When? 2016, 2018
What's it rated? TV-MA
Where's it available? Netflix
Canadian hip-hop artist and broadcaster Shadrach Kabango leads viewers to where it all started—the Bronx during the 1970s. In the first episode of the Netflix series Hip-Hop Evolution, Kabango interviews the guys who people say laid the foundation for rap, starting with a DJ named Kool Herc, who threw parties with his turntables, focusing on the drum-break in funk, jazz, R&B, and rock songs. It was something different to dance to during the disco heyday and it caught on across New York's five boroughs, leaking into dancehalls, parks, and eventually the disco scene.
- Photo Courtesy Of Netflix
- MUSIC REVOLUTION Take a trip back to the beginnings of hip-hop with Canadian hip-hop artist and journalist Sadrach Kabango, in the Netflix series Hip-Hop Evolution.
Using old photographs, video footage, and interviews with DJs, MCs, producers, and others in the music business, the series takes viewers on a ride through time. Kabango interviews Grandmaster Flash, the first DJ to play his turntables like an instrument, and his crew of MCs, the Furious Five. They were the first crew to take their show on the road, rapping to crowds around the nation and world.
It all starts with leather, pleather, and furs. High boots, tight pants, naked chests, metal studs, and gaudy gold chains, costumes that mimicked the rock and pop shows of the day. Beat-boys breakdancing on the disco floor. Rap battles. And lots of bootleg cassette tapes—because no one was making rap records at that time.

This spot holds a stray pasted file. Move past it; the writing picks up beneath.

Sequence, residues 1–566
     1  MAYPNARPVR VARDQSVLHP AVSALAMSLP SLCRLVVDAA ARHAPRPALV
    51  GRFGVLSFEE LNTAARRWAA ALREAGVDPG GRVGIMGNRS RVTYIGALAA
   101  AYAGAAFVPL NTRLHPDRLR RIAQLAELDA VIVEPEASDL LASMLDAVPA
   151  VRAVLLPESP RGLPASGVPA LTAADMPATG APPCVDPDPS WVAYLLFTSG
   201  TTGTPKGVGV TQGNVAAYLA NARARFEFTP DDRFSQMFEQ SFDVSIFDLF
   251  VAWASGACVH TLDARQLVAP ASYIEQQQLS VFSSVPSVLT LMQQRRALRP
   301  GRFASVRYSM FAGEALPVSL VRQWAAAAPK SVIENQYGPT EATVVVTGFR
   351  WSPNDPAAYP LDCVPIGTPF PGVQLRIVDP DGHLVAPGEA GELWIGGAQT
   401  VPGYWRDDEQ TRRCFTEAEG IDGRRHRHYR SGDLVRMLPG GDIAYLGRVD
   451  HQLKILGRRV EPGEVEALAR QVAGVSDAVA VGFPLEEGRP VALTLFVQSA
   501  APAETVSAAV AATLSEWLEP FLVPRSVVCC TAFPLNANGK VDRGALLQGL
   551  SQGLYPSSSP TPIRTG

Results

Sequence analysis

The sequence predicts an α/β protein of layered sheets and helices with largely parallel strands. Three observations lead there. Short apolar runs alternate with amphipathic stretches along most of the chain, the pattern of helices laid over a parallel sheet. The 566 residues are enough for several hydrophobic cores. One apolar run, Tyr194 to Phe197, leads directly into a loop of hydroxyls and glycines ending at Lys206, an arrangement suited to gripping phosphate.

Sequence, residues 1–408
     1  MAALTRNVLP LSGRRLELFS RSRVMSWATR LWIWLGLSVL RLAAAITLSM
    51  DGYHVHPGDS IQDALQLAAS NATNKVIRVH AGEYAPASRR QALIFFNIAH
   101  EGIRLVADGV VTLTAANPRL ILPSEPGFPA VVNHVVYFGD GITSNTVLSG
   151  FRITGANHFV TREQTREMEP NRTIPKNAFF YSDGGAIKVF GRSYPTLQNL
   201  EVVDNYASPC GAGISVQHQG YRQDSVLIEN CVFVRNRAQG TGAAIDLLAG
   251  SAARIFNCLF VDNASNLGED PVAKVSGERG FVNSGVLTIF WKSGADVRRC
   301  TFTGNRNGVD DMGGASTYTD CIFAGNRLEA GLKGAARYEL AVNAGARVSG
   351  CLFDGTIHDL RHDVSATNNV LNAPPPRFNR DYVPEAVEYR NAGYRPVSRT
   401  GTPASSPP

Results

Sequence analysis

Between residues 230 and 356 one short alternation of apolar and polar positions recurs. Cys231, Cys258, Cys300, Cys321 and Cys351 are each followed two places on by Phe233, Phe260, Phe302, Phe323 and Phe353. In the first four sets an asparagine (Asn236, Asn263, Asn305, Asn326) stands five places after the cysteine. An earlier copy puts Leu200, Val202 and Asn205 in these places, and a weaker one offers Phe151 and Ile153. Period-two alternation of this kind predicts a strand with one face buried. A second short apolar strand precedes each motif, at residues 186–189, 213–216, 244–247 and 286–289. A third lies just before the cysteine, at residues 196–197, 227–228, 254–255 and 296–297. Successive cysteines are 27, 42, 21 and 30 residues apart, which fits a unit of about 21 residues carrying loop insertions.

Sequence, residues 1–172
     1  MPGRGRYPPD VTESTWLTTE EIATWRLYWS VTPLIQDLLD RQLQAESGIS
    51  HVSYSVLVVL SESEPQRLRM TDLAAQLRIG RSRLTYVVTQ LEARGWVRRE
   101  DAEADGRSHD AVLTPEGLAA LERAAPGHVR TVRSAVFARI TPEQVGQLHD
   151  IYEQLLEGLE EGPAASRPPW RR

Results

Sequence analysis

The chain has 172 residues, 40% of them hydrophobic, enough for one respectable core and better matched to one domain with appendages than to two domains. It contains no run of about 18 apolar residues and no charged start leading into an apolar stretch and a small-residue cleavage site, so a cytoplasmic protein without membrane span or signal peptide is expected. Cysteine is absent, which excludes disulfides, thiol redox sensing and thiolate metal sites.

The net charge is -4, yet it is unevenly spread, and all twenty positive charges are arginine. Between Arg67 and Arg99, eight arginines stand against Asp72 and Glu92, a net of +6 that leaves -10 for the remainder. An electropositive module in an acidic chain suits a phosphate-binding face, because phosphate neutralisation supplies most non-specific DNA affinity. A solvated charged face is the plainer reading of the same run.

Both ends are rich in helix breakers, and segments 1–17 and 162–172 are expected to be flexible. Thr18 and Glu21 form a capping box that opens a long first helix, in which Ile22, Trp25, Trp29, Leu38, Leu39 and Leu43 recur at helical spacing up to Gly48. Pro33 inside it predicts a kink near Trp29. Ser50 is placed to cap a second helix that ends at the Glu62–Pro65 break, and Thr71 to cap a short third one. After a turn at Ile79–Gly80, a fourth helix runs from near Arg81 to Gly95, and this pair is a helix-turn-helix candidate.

Then a producer created the Sugar Hill Gang from three guys she found in front of a pizza joint. They could rap, even if one of them stole the words from another MC, and she wanted to put out a record. Although many of the DJs and MCs involved in the scene weren't happy about the Sugar Hill Gang, their 1979 hit "Rapper's Delight" was the first rap song to become a top 40 hit. It changed everything.
And the series evolves from there. Kabango interviews members of the Wu-Tang Clan, Run D.M.C., A Tribe Called Quest, Public Enemy, and other hip-hop legends. He chats with producers like Puff Daddy and Russel Simmons. The series starts in New York and broadens its scope, eventually heading to the South and the West Coast. It walks you through the underground scenes that started in areas of Houston, Oakland, and Compton, and introduces you to the people who weren't afraid to continue breaking the music mold—including 2 Live Crew and MC Hammer.
And beneath it all are cuts of great music: De La Soul, Queen Latifah, Afrika Bambaataa, Digital Underground, Too $hort, N.W.A., The Geto Boys. The best part about the series is how it tells the story—it really is an evolution, from rappers in parks laying down smooth lines, to raising consciousness about violence and drugs, to gangster rap, free speech, and the reality of life in impoverished inner cities.
If, like me, you grew up listening to rap and hip-hop and, like me, you love documentary style storytelling, it's a good way to spend a few hours, learn a little bit more about history, and listen to the music that takes you back. (Two seasons, 40- to 50-min. episodes) Δ